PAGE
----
Next, Carlson “conditioned” the bales, starting about two weeks before our last frost date, which is around May 22, though you can start a week earlier because the bales form a warm environment.

The first step here is to find cheap lawn fertilizer with at least 20 percent nitrogen content as Carlson did the first year. Do not use one that is slow-release or that contains herbicides.

You can also use organic fertilizers, like bone or feather meal, or very well-composted manure, but you need to use six times more than the amounts given for inorganic fertilizer. The second season, Carlson said, she is having good results using Happy Frog packaged organic fertilizer, but using much less since the bales were conditioned once already last year.

The conditioning regimen begins the first day with a half cup of inorganic fertilizer (or six times more organic) per bale sprinkled evenly all over the top and then watered in with your hose sprayer until all of it has moved into the bale and the bale is waterlogged, writes Karsten.

The next day you skip the fertilizer and water the bale again. Karsten suggests using water that’s been sitting out for a while so it isn’t as cold as it is straight out of the tap.

Days three through six you alternate between fertilizer-and-water days and water-only days.

Days seven through nine you water in a quarter cup of fertilizer per bale each day. The bales should be cooking by now and feel a little warmer on the outside.

On day 10, add a cup of 10-10-10 garden fertilizer. The numbers mean 10 percent nitrogen, 10 percent phosphorus and 10 percent potassium.

Next, lay out your soaker hoses on top of the bales if you are going to use drip irrigation as Carlson has.

On day 12, Carlson transplanted one cherry tomato plant directly into the bale, wedging it in. Smaller plants are easier to plant than large ones and will soon catch up.

“Bacteria are breaking down the inside of the bale and making this nice environment,” said Carlson.

2016-8 straw bale 4 beans by Barb Gorges

Carlson’s Haricot vert beans. Photo by Barb Gorges.

Mostly, Carlson wanted a salad garden and so she started everything else from seed: edible pod peas, Haricot vert beans (a type of tiny French green bean), lemon cucumbers, broccoli, spinach and various lettuces.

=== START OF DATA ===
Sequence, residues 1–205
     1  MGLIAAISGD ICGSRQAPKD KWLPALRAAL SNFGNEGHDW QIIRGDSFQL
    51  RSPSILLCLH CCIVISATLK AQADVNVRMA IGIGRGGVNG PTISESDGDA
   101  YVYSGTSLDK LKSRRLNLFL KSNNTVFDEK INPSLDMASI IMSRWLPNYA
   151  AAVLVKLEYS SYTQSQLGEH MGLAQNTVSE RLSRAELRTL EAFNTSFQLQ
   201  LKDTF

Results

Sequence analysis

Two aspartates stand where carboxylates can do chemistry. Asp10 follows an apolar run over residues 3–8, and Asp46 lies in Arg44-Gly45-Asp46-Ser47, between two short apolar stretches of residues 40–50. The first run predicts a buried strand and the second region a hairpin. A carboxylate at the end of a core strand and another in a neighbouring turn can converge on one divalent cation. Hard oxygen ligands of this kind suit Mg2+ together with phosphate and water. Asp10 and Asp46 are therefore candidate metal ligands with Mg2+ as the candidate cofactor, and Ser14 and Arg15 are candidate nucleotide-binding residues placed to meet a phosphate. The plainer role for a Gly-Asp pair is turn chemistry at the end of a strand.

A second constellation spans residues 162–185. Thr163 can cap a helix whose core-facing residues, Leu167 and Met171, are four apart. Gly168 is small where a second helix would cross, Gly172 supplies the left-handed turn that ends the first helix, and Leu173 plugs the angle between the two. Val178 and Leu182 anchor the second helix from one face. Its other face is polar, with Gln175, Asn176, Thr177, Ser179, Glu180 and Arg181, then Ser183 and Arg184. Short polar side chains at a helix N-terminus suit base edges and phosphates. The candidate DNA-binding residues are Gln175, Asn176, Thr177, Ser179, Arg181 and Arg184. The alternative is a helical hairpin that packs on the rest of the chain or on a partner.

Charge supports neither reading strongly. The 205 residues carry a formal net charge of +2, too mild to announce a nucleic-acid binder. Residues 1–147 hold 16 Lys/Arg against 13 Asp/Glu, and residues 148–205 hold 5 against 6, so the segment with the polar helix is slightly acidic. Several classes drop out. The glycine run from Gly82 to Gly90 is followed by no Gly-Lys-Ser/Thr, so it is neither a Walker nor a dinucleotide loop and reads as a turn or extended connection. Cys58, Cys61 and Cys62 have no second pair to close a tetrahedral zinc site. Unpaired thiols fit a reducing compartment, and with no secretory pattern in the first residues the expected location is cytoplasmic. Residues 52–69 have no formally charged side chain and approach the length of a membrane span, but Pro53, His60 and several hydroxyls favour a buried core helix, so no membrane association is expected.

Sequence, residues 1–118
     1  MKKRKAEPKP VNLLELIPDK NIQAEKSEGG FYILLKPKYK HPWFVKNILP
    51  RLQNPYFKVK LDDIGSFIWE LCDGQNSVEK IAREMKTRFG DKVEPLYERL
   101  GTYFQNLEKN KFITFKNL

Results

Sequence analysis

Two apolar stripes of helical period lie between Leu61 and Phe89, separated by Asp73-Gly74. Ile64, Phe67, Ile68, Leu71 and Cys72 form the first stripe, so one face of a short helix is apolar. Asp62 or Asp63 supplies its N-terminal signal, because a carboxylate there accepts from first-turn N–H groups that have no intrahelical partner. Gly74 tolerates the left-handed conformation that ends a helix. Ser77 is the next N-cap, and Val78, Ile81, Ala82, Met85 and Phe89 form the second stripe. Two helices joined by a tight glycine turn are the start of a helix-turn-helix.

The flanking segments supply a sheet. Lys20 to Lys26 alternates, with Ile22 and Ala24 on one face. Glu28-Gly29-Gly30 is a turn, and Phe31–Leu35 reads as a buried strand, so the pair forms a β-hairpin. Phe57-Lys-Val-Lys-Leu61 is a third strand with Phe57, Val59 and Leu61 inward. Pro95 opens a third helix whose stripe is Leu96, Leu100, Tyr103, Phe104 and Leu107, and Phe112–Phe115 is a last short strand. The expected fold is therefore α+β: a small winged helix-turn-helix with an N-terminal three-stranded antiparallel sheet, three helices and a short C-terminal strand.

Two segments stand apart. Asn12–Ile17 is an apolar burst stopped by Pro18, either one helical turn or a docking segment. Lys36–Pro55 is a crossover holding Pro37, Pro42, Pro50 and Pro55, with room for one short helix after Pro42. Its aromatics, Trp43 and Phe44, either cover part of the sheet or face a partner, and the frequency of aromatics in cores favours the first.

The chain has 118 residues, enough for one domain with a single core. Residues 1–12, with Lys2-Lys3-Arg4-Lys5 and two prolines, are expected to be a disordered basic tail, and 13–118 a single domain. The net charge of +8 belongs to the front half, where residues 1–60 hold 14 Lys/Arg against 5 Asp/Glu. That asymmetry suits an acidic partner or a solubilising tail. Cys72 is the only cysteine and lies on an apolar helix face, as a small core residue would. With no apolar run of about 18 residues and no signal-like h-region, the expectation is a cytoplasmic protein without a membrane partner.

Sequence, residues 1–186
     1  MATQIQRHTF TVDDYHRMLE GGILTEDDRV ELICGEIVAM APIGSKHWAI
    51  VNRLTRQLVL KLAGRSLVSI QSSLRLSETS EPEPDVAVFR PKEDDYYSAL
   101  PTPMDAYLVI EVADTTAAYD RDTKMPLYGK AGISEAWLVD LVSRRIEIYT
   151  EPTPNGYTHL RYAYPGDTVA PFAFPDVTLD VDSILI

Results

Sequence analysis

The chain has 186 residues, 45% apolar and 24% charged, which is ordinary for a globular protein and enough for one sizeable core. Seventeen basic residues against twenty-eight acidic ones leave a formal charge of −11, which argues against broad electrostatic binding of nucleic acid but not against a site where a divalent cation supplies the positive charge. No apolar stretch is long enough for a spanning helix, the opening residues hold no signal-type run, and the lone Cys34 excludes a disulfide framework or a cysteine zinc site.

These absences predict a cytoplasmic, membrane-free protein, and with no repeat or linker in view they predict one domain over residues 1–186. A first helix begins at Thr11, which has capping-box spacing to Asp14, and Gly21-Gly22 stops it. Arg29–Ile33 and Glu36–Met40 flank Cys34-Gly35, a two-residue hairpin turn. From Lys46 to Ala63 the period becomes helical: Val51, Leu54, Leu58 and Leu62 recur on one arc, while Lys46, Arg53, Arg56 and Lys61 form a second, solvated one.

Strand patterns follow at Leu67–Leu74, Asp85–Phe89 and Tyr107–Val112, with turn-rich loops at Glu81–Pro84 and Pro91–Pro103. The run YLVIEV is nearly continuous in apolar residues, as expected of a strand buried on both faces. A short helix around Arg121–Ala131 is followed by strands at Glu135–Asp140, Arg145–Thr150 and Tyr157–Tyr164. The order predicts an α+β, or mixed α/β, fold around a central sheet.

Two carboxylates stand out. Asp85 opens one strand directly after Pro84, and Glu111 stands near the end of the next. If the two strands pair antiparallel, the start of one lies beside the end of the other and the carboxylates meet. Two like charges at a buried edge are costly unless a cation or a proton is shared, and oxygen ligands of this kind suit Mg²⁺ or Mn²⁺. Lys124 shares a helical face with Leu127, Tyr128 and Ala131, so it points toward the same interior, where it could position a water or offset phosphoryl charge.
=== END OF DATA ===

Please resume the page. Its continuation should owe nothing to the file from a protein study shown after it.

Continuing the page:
She packed a couple of inches of sterile potting soil (not garden soil) into the tops of the bales in which to plant the seeds. The warmth of the composting straw got them off to a good start.

She added shade cloth overhead to protect the lettuces from too much sun and started cutting romaine and butterhead lettuce by mid-June.

Carlson also used shade cloth on the west side fence to keep the wind from drying out the bales too quickly.

And there you have it, a vegetable garden—or a flower garden if you prefer—ready to grow. All you need to do then is to garden as you normally would: enough water, fertilizer once a month, and pull the occasional weed that may sprout, or pick off any little slugs or insects.

Maybe because of our dry western climate, Carlson was able to use her bales this second year. The bales shrank a little so she patched the gaps between bales with bits of chicken wire on the sides and filled them with potting soil.

One question is what to do with the old bales. They are great compost for conventional garden beds. Carlson reached into the side of one bale and showed me lovely black soil. If you don’t have any conventional garden beds to add it to, someone else would be happy to take the compost off your hands.

“This isn’t the prettiest thing,” Carlson says of her straw bale garden, “but when it starts growing, you don’t even look at the bales.”

2016-8 straw bale 3, detail, by Barb Gorges

While most straw bale gardeners start with fresh bales each spring, Carlson was able to use hers for a second season. She pulled away a little straw on the side of this bale and discovered it is full of rich compost. A soaker hose keeps the vegetables watered. The green steel fence post is part of the trellis system. Photo courtesy Barb Gorges.

 


Gardening with rocks

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The quintessential rock garden has colorful carpets of alpine flowers, like this spot in Laramie County Master Gardener Wendy Douglass’s garden. Photo by Barb Gorges.

Published July 17, 2016, in the Wyoming Tribune Eagle Journey Section.

By Barb Gorges

Rock gardens became popular in the 1800s when tourists started visiting the Alps.

Travelers were enthralled by the tough but colorful plants growing on the rocky slopes and brought home alpine plant souvenirs.

It took a few decades to figure out alpine plants need gritty soil, rock and a cool climate to grow successfully. True alpine plants don’t need inches of compost or fertilizer.

Today’s rock gardens aren’t limited to cushions of small plants like the ones we see in our nearby mountains. There are plenty of other kinds of naturally rocky places to emulate.

Master gardener Wendy Douglass takes her cues from the nearby mountains and the prairie surrounding her rural Laramie County home.

The following is a tour of different rock garden styles and options seen through the lens of Douglass’ garden.

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Wendy Douglass enjoys her mountain-style rock garden. Photo by Barb Gorges.

Mountain

In her backyard, Douglass has a conventional rock garden, emulating a group of rocks on a mountain side. On one side of it is a small waterfall that flows via recirculating water pump. On the other side, rocks have been arranged informally, leaving pockets to fill with soil and plants.

But since her yard doesn’t get as much water as the mountains, Douglass has arranged drip irrigation soaker hose throughout.